Mike Radin
Feb 14, 2019 · 3 min read

One of Cryptonomic’s objectives is to make blockchain technology accessible to a broader audience. While documentation, tutorials, and functional examples are helpful in exposing more people to what’s possible, we also wanted to deliver a set of APIs in familiar languages on a well-understood medium.

To that end we created Conseil and ConseilJS, targeting dominant development ecosystems — JVM and Javascript respectively. Conseil provides a RESTful API for Tezos chain data. ConseilJS builds on that very popular access mechanism and adds Tezos chain operation creation, a. Accomplishing all that in a TypeScript library that is deployable for nodejs applications, Electron desktop apps and plain old JavaScript, HTML, CSS pages.

More than wrapping new concepts in conventional technology, Conseil libraries offer a highly performant view of chain data that easily lends itself to the sort of reporting transaction systems are expected and often required to provide in business application context. We are using these features in Tezori/Galleon to show account balances quickly. We can imagine a point-of-sale system that can integrate with a procurement system that is able to report on and re-order popular products. It would be applicable too, in the context of enterprise finance where bank of any size are required to provide regulatory reports.

None of this is magic of course. At a high level, we have written several processes in Scala — a capable, JVM-hosted functional language. This code swirls around a PostgreSQL database. On one side it collects, parses, and collates chain operations and metadata. On the other end this information is being made available through web services with a flexible query interface that allows for aggregation and transformation, not just filtering. While it is certainly possible to build yet another block explorer with these libraries (and we have!), the more interesting applications lie in analytics.

Blockchains are often referred to as databases, though by definition, and due to cryptographic requirements, they are ledgers — linked lists if you will. Conseil allows users to query blockchains as if they were relational databases. That’s accomplished by caching chain data in, well, a relational database. This cache eliminates the need to traverse the chain each time some information is required — an adventure that takes an increasing amount of time with every new block added on.

The Conseil data model closely mirrors that of the Tezos chain entities. Eventually, if the need arises, we expect to create task-optimized transformations of this data. This is likely to be necessary as the chain size increases. We may eventually opt to migrate to a columnar store as well. These decisions can be made later since the software architecture of the platform is modular. Conseil is comprised of two major components: Lorre, and, well, Conseil. The former is a chain monitor that picks up new blocks as they appear, collects related data like the accounts touched by the operations in the block, and chain metadata related to the low-level details of how Tezos specifically works. To interface with the database we leveraged an FRM library — Slick. Functional purity is one of our technical objectives, though not at any cost. This lack of tight coupling to the database allows for simplified migration between data stores. At the other end, we have Conseil, a web service front-end written using Akka. Conseil and Lorre aren’t explicitly aware of each other, but they share the data source. The decoupled, stateless design avoids sequence dependencies and the necessity for synchronization.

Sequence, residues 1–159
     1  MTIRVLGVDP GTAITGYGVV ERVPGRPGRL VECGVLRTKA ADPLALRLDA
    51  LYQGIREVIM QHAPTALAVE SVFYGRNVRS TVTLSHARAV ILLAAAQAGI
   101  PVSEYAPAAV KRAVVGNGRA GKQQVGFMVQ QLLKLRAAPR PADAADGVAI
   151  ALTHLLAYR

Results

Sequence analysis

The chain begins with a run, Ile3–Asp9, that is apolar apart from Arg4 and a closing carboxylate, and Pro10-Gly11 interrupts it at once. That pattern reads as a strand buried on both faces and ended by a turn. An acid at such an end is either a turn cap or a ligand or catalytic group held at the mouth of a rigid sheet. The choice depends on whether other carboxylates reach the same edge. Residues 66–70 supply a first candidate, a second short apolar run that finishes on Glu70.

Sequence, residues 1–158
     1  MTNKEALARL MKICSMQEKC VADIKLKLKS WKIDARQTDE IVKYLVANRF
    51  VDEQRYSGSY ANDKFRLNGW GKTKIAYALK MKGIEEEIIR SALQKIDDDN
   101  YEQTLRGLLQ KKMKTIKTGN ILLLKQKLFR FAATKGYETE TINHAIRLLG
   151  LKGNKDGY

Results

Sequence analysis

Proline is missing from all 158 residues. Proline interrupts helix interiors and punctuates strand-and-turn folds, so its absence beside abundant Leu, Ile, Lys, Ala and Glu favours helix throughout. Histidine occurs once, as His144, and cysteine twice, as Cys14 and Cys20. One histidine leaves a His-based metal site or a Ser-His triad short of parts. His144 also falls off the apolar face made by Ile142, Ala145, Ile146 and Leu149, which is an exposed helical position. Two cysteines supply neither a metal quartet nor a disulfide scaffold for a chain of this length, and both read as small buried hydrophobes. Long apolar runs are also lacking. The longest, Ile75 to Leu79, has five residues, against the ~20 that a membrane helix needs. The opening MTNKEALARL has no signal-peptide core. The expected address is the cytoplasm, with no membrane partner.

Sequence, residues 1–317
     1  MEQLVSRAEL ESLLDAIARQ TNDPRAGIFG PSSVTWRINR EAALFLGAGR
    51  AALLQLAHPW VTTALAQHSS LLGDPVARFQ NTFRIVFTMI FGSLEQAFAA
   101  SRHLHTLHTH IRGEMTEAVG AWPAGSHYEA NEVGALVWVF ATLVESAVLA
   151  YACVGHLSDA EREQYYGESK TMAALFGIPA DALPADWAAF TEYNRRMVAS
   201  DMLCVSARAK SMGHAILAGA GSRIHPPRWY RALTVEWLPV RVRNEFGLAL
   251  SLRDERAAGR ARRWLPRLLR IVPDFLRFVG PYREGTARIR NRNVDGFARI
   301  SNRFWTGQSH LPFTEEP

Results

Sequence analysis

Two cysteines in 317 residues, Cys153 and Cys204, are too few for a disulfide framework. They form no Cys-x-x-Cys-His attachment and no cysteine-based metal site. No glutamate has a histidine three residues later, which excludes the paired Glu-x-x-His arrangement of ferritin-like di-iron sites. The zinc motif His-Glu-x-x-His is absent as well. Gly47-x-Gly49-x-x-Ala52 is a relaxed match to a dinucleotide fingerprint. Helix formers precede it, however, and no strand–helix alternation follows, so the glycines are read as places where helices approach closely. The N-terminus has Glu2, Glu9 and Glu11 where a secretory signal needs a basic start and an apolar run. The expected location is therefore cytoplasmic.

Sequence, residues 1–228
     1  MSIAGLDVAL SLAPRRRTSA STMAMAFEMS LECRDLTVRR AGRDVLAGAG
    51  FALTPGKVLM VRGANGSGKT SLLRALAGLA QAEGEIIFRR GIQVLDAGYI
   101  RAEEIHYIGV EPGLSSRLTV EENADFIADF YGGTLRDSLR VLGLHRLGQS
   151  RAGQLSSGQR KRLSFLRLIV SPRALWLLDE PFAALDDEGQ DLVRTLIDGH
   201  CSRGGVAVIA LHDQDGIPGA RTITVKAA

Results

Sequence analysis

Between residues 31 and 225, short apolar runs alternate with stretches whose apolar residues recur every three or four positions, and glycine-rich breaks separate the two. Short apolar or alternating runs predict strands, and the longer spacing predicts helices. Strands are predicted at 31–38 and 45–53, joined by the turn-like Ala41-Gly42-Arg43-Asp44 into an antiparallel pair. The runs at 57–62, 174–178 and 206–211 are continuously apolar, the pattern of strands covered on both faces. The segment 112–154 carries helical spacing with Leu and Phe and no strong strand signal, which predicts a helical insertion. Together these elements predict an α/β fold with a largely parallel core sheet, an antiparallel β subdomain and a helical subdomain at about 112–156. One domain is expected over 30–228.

The above discussion glossed over two important design decisions that warrant an explanation. Slick is a Functional Relational Mapper that provides a more natural database interface in Scala. JDBC is certainly an option, all this code ultimately runs in the JVM but Slick allows for more coherent functional code. There is no need to drop to OO programming just to connect to a database. This library is sufficiently mature that it is able to provide access to a database with minimal configuration in a functionally consistent way. Next, the Akka library is an implementation of the Actor Model. It provides asynchronous execution without locks. It is a framework for writing highly scalable, decoupled code that encapsulates system functionality into easy to understand components. The Actor Model has been used for a long time provide system level scalability. For example, we’re used to seeing a solution architecture including multiple web servers sitting behind multiple caching servers all talking to the same database, perhaps through an additional caching layer. Akka gives us this model at application component level.

We are excited about blockchains being the plumbing of the new financial system. In a later article we’ll discuss the motivation behind ConseilJS and explain some of the design choices we made.

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Product and development updates from Cryptonomic

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